NationalVOLUME 18 ISSUE # 06

Nothing solid yet to curb gender-based violence

Arooj Zahra* was in shock when she heard her senior co-worker making a loud talk, full of sexual innuendos, to his male colleagues in her presence. She had joined the semi-government department of the federal government recently, and was the only female employee in the section. She thought of interrupting and lecturing them, especially the senior one, over the vulgar talk, but then restrained herself, for being the only female in the big room.

The second time when she had to bear with the mental torture, caused by the offensive utterances, she complained to the office in-charge. However, nothing changed as not only the main ‘accused’ but some other male members of the section told the in-charge their conversations were a routine matter and had nothing to do with her. Later, when their filthy remarks started getting on her nerves, she got herself transferred to another section which had two female employees, though work there was not related to her academic qualifications.

The United Nations Population Fund (UNFPA) report, released in the last week of November 2022, says the Arooj Zahra case falls in the category of 32pc women of Pakistan, who have to bear with gender-based violence, but they do not seek any legal help. The report says gender-based violence against women is one of the most prevalent human rights violations across the globe, as it is a life-threatening health and protection issue.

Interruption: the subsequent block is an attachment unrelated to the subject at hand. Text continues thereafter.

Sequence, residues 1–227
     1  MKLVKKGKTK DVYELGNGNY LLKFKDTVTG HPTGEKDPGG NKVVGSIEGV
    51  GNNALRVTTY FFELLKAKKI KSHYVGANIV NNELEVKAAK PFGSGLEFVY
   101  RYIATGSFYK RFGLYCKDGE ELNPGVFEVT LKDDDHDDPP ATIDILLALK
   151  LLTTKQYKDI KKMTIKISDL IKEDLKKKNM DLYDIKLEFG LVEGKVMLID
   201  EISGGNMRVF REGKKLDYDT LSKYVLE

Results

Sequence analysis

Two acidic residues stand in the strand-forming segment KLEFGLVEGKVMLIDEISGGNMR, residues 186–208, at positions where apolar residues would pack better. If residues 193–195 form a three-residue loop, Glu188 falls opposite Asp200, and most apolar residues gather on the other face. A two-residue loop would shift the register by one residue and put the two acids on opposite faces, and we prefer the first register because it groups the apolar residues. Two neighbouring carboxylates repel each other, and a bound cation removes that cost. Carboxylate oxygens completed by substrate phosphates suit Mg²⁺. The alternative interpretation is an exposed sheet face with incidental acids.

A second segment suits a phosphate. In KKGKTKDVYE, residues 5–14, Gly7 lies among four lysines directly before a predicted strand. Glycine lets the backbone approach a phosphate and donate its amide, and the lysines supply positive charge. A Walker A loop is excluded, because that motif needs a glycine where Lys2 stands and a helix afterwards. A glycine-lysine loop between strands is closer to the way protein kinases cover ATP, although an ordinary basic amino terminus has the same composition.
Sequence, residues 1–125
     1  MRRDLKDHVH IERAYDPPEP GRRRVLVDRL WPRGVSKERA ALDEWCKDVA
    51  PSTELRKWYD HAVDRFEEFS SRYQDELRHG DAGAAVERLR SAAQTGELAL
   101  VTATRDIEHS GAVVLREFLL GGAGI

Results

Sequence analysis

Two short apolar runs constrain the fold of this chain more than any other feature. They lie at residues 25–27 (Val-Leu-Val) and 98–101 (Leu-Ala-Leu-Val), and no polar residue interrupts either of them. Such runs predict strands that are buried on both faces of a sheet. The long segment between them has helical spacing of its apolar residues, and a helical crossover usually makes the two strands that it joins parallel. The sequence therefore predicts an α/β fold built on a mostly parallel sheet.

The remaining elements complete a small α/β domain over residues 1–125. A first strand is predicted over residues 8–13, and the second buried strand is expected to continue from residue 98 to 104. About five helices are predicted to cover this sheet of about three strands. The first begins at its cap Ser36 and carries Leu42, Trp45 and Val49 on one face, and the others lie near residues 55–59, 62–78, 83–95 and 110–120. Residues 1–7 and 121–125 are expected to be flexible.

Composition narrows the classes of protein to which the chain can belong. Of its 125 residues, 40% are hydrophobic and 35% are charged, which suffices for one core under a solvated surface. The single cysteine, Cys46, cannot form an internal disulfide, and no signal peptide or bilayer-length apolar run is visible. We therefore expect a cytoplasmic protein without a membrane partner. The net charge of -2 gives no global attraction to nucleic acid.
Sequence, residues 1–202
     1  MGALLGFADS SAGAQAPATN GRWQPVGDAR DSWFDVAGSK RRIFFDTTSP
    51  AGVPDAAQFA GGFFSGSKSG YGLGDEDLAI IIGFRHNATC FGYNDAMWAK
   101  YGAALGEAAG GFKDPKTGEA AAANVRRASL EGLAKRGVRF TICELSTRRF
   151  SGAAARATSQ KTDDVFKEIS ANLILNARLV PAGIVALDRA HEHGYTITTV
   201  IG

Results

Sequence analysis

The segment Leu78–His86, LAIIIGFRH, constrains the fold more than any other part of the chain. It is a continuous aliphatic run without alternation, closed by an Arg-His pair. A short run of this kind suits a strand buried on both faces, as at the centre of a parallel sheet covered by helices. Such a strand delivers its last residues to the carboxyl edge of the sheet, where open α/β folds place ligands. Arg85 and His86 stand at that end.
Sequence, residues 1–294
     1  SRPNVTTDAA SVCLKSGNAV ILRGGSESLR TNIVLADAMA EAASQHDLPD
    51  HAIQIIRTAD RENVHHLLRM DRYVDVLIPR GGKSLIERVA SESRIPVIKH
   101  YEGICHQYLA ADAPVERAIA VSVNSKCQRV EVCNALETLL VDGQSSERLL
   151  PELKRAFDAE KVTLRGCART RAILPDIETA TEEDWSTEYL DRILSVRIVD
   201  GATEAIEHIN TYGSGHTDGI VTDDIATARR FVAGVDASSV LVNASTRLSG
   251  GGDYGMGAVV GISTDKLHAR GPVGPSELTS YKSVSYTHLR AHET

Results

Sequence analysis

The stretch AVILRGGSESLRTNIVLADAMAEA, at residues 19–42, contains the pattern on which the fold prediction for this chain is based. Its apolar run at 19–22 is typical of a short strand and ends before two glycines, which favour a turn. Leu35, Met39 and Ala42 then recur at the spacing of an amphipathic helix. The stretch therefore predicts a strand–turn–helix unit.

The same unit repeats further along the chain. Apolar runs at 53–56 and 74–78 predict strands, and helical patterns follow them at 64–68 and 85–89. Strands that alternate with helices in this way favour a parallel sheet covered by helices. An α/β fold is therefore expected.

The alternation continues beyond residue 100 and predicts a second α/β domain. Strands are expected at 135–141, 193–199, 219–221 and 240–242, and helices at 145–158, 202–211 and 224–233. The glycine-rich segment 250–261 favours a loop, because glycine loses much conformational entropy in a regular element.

According to the report, gender-based violence takes many insidious forms in the real world to online platforms including physical, sexual, psychological and digital violence. Any form of violence affects the survivors’ physical and mental health and it may cause anxiety, depression, suicidal thoughts or behaviours, and post-traumatic stress disorder (PTSD). Survivors may lose their sense of individuality, dignity, or self-worth, said the report.

Prof. Dr. Raana Malik, head of the Department of Gender Studies, University of the Punjab, Lahore, says one of the most prevalent forms of violence these days is digital violence or virtual abuse of women and girls. Digital violence includes online sexual harassment, cyberbullying and non-consensual use of images and video. Globally, 85pc of women reported witnessing digital violence, and nearly 40pc have experienced it personally, the professor says. Hate and devaluation of women online cause long-term psychological, emotional and physical distress, she regrets.

According to global statistics, given by the UNFPA report, nine out of 10 women (92pc) told the researchers that online violence harmed their sense of well-being and over a third (35pc) experienced mental health issues due to online violence. Digital violence impacts professional and economic livelihoods of women and girls, who depend on online and social media spaces, according to the findings.

Prof. Raana Malik says women and girls have the right to feel safe in all spaces, wherever they are. On International Day for the Elimination of Violence against Women, 16 Days of Activism against Violence against Women were initiated on November 25. It is time for everyone to reflect on how to end gender-based violence, believes the professor.